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QRD #68 - Guitarist Interviews XI
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Guitarist Interviews:
Chris Ruffolo
Greg Kozlowski
James Youngjohns
Chandra Shukla
Raine Liimakka
Shane de Leon
Aaron Snow
Lauri Hyvärinen
Rainstick Cowbell
Jasper Stadhouders
Marcus Skinner
David Dobbs
Bonnie Mercer
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Greg Kozlowski
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Greg Kozlowski
Greg Kozlowski
Greg Kozlowski
Greg Kozlowski
Greg Kozlowski
Greg Kozlowski
Greg Kozlowski
Greg Kozlowski
Greg Kozlowski
Greg Kozlowski
Greg Kozlowski
Greg Kozlowski
Greg Kozlowski
Greg Kozlowski
Greg Kozlowski
Greg Kozlowski
Greg Kozlowski
Greg Kozlowski
Greg Kozlowski
Greg Kozlowski
Greg Kozlowski
Greg Kozlowski
Greg Kozlowski
Greg Kozlowski
Greg Kozlowski
Greg Kozlowski
Greg Kozlowski
Greg Kozlowski
Greg Kozlowski
Greg Kozlowski
Greg Kozlowski
Greg Kozlowski
Greg Kozlowski
Greg Kozlowski
Greg Kozlowski
Greg Kozlowski
Greg Kozlowski
Greg Kozlowski
Greg Kozlowski
Greg Kozlowski
Greg Kozlowski
Greg Kozlowski
Guitarist Interview with Greg Kozlowski
April 2014
Greg Kozlowski
Name: Greg Kozlowski
Bands: Architectural Metaphor, Secret Saucer, Antrilon, Nebula Trip
Websites: www.architecturalmetaphor.com

QRD – What was your first guitar & what happened to it?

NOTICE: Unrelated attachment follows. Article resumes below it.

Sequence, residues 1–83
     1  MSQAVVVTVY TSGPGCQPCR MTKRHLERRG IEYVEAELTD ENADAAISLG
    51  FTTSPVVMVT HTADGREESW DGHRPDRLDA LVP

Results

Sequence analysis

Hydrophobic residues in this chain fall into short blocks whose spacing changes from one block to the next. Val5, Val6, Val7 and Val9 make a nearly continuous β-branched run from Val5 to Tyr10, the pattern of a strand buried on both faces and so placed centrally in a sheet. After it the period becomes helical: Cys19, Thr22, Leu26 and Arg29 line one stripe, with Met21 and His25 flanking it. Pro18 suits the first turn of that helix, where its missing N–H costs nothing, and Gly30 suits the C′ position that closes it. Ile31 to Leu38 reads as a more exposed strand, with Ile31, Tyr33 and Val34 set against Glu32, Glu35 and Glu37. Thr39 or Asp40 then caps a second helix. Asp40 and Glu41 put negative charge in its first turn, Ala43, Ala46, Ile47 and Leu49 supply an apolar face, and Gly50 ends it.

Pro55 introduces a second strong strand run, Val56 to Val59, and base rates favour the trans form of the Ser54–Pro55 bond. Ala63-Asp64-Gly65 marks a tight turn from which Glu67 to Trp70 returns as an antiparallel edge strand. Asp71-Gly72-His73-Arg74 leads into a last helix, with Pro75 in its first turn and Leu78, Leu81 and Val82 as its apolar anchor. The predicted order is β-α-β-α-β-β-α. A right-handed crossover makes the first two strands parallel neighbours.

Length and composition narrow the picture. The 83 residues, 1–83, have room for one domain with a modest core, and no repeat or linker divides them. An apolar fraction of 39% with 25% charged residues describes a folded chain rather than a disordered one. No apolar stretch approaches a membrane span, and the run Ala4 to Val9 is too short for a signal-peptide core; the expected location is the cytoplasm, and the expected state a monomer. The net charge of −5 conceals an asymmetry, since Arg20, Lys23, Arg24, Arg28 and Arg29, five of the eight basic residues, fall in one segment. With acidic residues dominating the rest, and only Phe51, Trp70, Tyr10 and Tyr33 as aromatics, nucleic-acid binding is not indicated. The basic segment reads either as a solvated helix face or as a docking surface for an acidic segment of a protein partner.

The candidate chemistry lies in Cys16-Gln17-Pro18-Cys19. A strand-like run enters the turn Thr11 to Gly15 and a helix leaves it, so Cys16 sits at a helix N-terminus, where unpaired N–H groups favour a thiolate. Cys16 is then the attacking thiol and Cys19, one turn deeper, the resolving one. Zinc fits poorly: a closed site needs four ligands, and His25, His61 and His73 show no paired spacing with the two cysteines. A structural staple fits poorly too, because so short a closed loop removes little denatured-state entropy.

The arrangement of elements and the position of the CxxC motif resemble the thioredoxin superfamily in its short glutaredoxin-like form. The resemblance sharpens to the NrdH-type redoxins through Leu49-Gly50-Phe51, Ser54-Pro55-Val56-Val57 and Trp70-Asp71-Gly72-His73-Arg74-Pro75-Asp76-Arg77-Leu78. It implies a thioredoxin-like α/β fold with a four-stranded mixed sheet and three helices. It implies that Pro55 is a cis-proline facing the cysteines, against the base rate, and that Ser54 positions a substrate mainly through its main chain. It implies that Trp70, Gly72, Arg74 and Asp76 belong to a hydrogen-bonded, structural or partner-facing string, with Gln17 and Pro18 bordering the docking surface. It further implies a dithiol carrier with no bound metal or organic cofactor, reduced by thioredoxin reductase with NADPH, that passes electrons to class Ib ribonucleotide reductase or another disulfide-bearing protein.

Greg – My first guitar was a cheapo, Japanese, no name guitar that I bought for $35 at a flea market on campus when I was going to UMASS, Amherst, MA.  I ended up selling it to one of my college roommates for $35.

QRD – What’s your typical set-up from guitar to effects to amplifier?

Greg – Back in the 1990’s, when playing & gigging with Architectural Metaphor, I would plug into a lot of effects, even before it became fashionable like nowadays. My effects set up is always changing but here is a representative listing:
Boss Octave or vintage Mutron Octavider
Vintage Ibanez envelope filter or other vintage envelope follower
Vintage Phase 90 or 45 or other vintage phase shifter
Vintage Thomas Organ modified Crybaby wah-wah
Vintage Ibanez tube screamer TS-9 or TS-808
Fuzz Face or Fuzz Face clone
ADA Flanger
Dunlop Tremolo
Line 6 DL-4 delay or Korg SDD3000 or Ibanez HD1000
Dynachord Leslie simulator (sometimes)

QRD – What’s the most important part of your rig - guitar, amplifier, or effects?

Greg – Definitely effects!

QRD – What’s your main amplifier & why?

Greg – I am in a transition right now.  Back when I did most of my recordings with Architectural Metaphor, I was using a transistor, solid state amp, the Roland Jazz Chorus 77.  I got some grungy low fi sounds out of an amp renown for being a really clean amp.  Last several years though, I have been exploring vintage tubes amp & have really been focusing on getting really good tones.  Not just one good tone, but many.  When I switched over to tube amps, I really liked a couple of vintage Sound City 120 amps.  They sound great with practically all pedals.  Since then, I bought a few other vintage tube amps, a Legend, an Orange (a new & a vintage one), & Marshall.  Due to numerous injuries or medical problems, I have been unable to gig much, so I am not sure which tube amp I will settle on.  I might stick to gigging with the Sound Cities & keeping the Marshall or the Orange amps for recording.  The Orange amps give a really crazy, full on distortion, but they don’t seem to work well with pedals, like phasers.